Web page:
by creating or reinforcing a false impression.
See 18 Pa.C.S. Â§ 3922(a)(1).
âÄúThe mens rea for theft by deception is intent to defraud.âÄĚ Commonwealth
v. Grife, 664 A.2d 116, 120 (Pa. Super. 1993).
âÄúCriminal intent may be
established by direct or circumstantial evidence . . . [and] . . . [i]t may be
inferred from acts or conduct or the attendant circumstances.âÄĚ Id. at 122
(citations and quotation marks omitted).
The Commonwealth must
demonstrate the presence of a false impression and that the victim relied
upon that impression. Commonwealth v. Imes, 623 A.2d 859, 862 (Pa.
The crux of GutyâÄôs appeal is that there was no evidence he acted with
See Brief of Appellant, at 9.
However, despite some
confusion on part of the CommonwealthâÄôs witnesses, the jury clearly inferred
such intent based upon the facts adduced at trial, including GutyâÄôs conduct
and the testimony of Shaffer and Beercheck.
Beercheck and Shaffer told
Guty that they would stop payment on the original mailed check; Guty had
knowledge that depositing such a check and withdrawing the money would
Because Guty later deposited not only the original check
but the replacement checks as well, it was reasonable for the jury to infer
that he intended to defraud Shaffer by saying that it was lost in the mail.
Therefore, the evidence was sufficient to support a conviction for theft by
Under 18 Pa.C.S. Â§ 3925(a), one is guilty of receiving stolen property
when âÄúhe intentionally receives retains, or disposes of movable property of
another knowing that it has been stolen, or believing that it has probably
been stolen, unless the property is received, retained, or disposed with
intent to restore it to the owner.âÄĚ
Further, âÄúâÄėreceivingâÄô means acquiring
possession, control or title[.]âÄĚ 18 P.a.C.S. Â§ 3925(b). âÄúIn order to convict a
defendant for receiving stolen property, the Commonwealth must prove: (1)
the property was stolen; (2) the defendant was in possession of the
property; and (3) the defendant knew or had reason to believe the property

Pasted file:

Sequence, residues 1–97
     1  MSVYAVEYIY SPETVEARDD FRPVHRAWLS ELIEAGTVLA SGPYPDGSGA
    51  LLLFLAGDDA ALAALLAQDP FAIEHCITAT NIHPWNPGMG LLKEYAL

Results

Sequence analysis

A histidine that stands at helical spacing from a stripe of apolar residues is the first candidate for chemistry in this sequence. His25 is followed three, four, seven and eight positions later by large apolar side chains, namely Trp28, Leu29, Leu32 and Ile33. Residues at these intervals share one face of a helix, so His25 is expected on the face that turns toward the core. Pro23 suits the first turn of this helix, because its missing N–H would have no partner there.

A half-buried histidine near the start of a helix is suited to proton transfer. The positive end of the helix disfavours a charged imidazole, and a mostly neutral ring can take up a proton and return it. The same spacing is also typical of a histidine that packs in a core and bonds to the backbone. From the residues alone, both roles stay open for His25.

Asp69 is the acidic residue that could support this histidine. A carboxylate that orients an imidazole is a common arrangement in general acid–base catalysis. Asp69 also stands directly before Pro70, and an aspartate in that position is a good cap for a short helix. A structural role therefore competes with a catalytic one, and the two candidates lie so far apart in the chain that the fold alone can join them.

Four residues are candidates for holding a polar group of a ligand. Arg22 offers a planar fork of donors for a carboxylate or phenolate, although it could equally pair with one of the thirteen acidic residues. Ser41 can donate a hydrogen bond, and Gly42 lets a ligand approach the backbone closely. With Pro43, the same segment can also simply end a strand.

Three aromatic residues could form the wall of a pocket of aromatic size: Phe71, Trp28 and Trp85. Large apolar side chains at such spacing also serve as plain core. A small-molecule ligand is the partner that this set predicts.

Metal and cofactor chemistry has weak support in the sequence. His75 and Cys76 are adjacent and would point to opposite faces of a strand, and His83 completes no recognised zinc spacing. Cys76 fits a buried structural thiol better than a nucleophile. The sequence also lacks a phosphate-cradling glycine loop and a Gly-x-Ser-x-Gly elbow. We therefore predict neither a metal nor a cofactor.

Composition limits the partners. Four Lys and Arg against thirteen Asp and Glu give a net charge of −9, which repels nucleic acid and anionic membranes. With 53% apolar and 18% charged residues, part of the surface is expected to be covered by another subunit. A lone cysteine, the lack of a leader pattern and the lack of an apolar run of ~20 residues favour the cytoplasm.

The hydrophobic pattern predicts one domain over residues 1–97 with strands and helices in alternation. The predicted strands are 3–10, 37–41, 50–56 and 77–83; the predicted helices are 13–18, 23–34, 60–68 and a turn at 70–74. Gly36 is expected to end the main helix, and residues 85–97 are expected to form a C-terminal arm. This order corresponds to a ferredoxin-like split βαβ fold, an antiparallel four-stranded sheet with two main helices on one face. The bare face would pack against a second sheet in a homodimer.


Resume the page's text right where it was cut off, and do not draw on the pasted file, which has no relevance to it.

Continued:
Commonwealth v. Parker, 847 A.2d 745, 751 (Pa. Super.
2004) (quoting Commonwealth v. Foreman, 797 A.2d 1005, 1011 (Pa.
Super. 2002)) (quotation marks omitted).
Here, because Beercheck placed a stop payment on the check, the
money withdrawn by Guty was clearly stolen property.
identified Guty in open court as the man who deposited ShafferâÄôs stopped
check, thus establishing his possession of the stolen money.
jury inferred from the testimony of Beercheck and Shaffer that because they
had told Guty they would place a stop payment on the check, he knew or
should have known that depositing the check and withdrawing the money
would constitute possessing stolen money.
A person is guilty of writing bad checks when âÄúhe issues or passes a
check or similar sight order for the payment of money, knowing that it will
not be honored by the drawee.âÄĚ 18 Pa.C.S. Â§ 4105(a)(1). Both Shaffer and
Beercheck testified that they did not intend for the May 19 check to be
honored and that they told Guty that they would place a stop payment order
on the check. Therefore, the evidence supports GutyâÄôs conviction because
he deposited the check and withdrew the money knowing that Shaffer would
not honor it.
For these reasons, the evidence presented at trial was sufficient to
support GutyâÄôs conviction for theft by deception, receiving stolen property,
and bad checks.
Judgment of sentence affirmed.